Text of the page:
One theme of Anne Patchett’s Bel Canto that has consistently drawn my attention is that of gender misperceptions and stereotypes, and chapter six does not disappoint in the development of this thread. When Vice President Iglesias is incapable of preparing dinner from raw ingredients, he automatically assumes Roxanne, the only woman in the house, will know how to cook. Even though that particular woman didn’t know how to cook, it was still the two girl terrorists and the most “feminine” males who did the cooking. However, one thing is apparent despite this obvious statement on gender stereotypes: cooking is a very practical skill.
Another aspect of gender portrayal that caught my attention was the teaching dynamic between Gen and Carmen. Carmen desires more than anything to learn how to read and write in Spanish and English, yet completely lacks confidence. This seems a practical, though less so than cooking, skill for Carmen. Both of these situations call into question the practicality of education of different skills, and how this differs based on gender and socioeconomic status. The way Gen decided to teach her, and Mr. Hosokawa for that matter, language with a few words at a time was interesting to me as well.
Lately, partly due to the research of other classmates, I have become interested in education from a gender perspective. While Bel Canto depicts traditional language literacy development, through my beginning searches for sources I became more interested in mathematical literacy acquirement. Are males really more proficient in STEM fields? If so, why is this? Is there more of a biological reason for this, or is it a learned phenomenon? Why does it matter?
Interestingly enough, upon reading the first page of the first article I discovered, I found one answer to the last question I posed. In a meta-analysis of educational progress reports on science and math for both genders, the authors described one implication for a lack of female participation in the STEM fields in the US. It is one concern that the US is falling behind in technology development and research, which also has economic repercussions, as the population of students attending schools of higher education has a greater percentage of female students. These female students are statistically less likely to be training for careers in math and science (Andrews et al., p. 1).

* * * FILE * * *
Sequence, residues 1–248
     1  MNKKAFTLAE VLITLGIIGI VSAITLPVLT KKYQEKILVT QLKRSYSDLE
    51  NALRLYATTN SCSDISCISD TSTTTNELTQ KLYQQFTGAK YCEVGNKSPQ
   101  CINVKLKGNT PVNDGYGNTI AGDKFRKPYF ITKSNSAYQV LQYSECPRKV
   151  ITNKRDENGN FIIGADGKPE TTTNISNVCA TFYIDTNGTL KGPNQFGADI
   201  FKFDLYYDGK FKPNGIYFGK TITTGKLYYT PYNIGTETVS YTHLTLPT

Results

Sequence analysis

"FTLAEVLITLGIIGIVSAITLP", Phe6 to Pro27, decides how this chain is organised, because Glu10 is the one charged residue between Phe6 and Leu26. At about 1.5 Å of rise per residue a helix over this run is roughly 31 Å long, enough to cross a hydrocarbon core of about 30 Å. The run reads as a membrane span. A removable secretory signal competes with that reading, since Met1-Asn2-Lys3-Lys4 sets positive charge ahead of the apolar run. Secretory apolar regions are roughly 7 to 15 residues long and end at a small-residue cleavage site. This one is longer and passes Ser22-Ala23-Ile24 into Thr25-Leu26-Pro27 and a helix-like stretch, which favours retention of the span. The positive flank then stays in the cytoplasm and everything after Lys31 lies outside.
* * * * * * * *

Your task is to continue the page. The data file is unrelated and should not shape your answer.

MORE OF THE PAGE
In this meta-analysis, small mean differences between male and female students in math and science aptitude and achievement were found (Andrews et al., p. 8). However, there was more variation in performance among male students. One aspect of this is that the ratio of high-achieving males to females in math and science was more than 2:1 (Andrews et al., p. 10). When the researchers of this study compared grade levels (fifth, eighth, and twelfth), they found that the gender differences were more pronounced as the students aged. This supports biological theories that sex hormones disadvantage female students that hit around puberty (Andrews et al., p. 9).
Another trend in this meta-analysis data suggests that there was really no significant change over the eleven years of data for which they conducted the analysis. This could go against social theories that maintain that as gender roles change in society, so will STEM involvement by gender (Andrews et al., p. 9). One interesting aspect of the science comparison is that there was little to no difference in proficiency of males and females in life sciences, such as biology, rather than physical or earth and space sciences. This could suggest a difference in “patterns of interest and motivation toward people-oriented fields,” “rather than indicating any inherent lack of ability” (Andrews et al., p. 10).